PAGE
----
SANTA FE, N.M. (AP) — New Mexico could impose tougher penalties for violations of hunting and fishing laws under a proposal approved Monday by the Senate.
The measure, if enacted, will allow the state Game Commission to suspend or revoke someone’s hunting or fishing privileges for longer than three years, which is the current limit for violations.
Sen. George Munoz, a Gallup Democrat, said the proposal was directed at “thrill killers” who shoot big game such as trophy elk for the heads and antlers, leaving the meat to rot.
The legislation passed the Senate on a 28-10 vote. It goes to the House, where a separate measure is pending that will make the worst poaching violations a felony punishable by up to 18 months in prison.
Under the Senate-passed bill, the commission must issue new rules outlining the possible penalties for sportsmen for violating hunting and fishing laws and regulations.
Supporters said harsher sanctions are warranted because trophy game animals are valuable natural resources. The right to hunt a bighorn sheep in New Mexico recently was auctioned for $180,000, according to Game and Fish Department officials.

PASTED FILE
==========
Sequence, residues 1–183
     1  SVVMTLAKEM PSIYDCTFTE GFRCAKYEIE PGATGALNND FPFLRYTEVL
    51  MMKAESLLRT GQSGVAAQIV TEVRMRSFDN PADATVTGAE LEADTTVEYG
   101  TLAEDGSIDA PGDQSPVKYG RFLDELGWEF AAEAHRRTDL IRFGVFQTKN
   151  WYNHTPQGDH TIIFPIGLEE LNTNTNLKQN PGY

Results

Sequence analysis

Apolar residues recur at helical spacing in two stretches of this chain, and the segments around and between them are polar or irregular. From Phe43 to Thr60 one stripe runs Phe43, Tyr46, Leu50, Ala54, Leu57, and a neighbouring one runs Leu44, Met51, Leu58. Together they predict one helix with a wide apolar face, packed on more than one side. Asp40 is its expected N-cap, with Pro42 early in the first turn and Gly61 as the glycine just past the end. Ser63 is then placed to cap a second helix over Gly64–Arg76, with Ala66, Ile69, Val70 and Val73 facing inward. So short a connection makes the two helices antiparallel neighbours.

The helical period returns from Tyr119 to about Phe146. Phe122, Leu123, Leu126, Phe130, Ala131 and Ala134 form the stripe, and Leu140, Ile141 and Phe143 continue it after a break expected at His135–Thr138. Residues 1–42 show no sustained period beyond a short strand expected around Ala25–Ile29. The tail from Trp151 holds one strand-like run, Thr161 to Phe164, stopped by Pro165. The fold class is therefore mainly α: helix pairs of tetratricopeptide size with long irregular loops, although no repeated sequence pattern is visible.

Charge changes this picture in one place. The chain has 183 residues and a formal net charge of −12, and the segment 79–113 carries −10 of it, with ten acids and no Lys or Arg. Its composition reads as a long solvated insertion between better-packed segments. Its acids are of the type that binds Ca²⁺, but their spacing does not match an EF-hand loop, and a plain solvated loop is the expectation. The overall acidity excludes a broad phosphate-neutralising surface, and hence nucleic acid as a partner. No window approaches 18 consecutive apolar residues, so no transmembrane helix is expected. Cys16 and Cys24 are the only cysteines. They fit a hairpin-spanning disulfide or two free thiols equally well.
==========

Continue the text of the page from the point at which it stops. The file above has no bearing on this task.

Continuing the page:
Sen. William Soules, a Las Cruces Democrat, said poachers are “stealing from us” and it is “very valuable theft.”
But opponents said the proposed penalties go too far, particularly for New Mexicans who may shoot game out of season to feed their families.
The commission can administratively impose sanctions for game violations, including license suspensions and fines of up to $1,000. A court also can assess civil penalties ranging from $2,000 to $10,000 for convictions of certain game law crimes.
“Now they want to take away your privilege to hunt for the rest of your life. That’s ridiculous,” said Sen. Richard Martinez, an Espanola Democrat and retired magistrate judge.
He said a three-year license suspension is “extreme cruelty to some people up in northern New Mexico.”
“Their whole life is hunting and fishing,” said Martinez.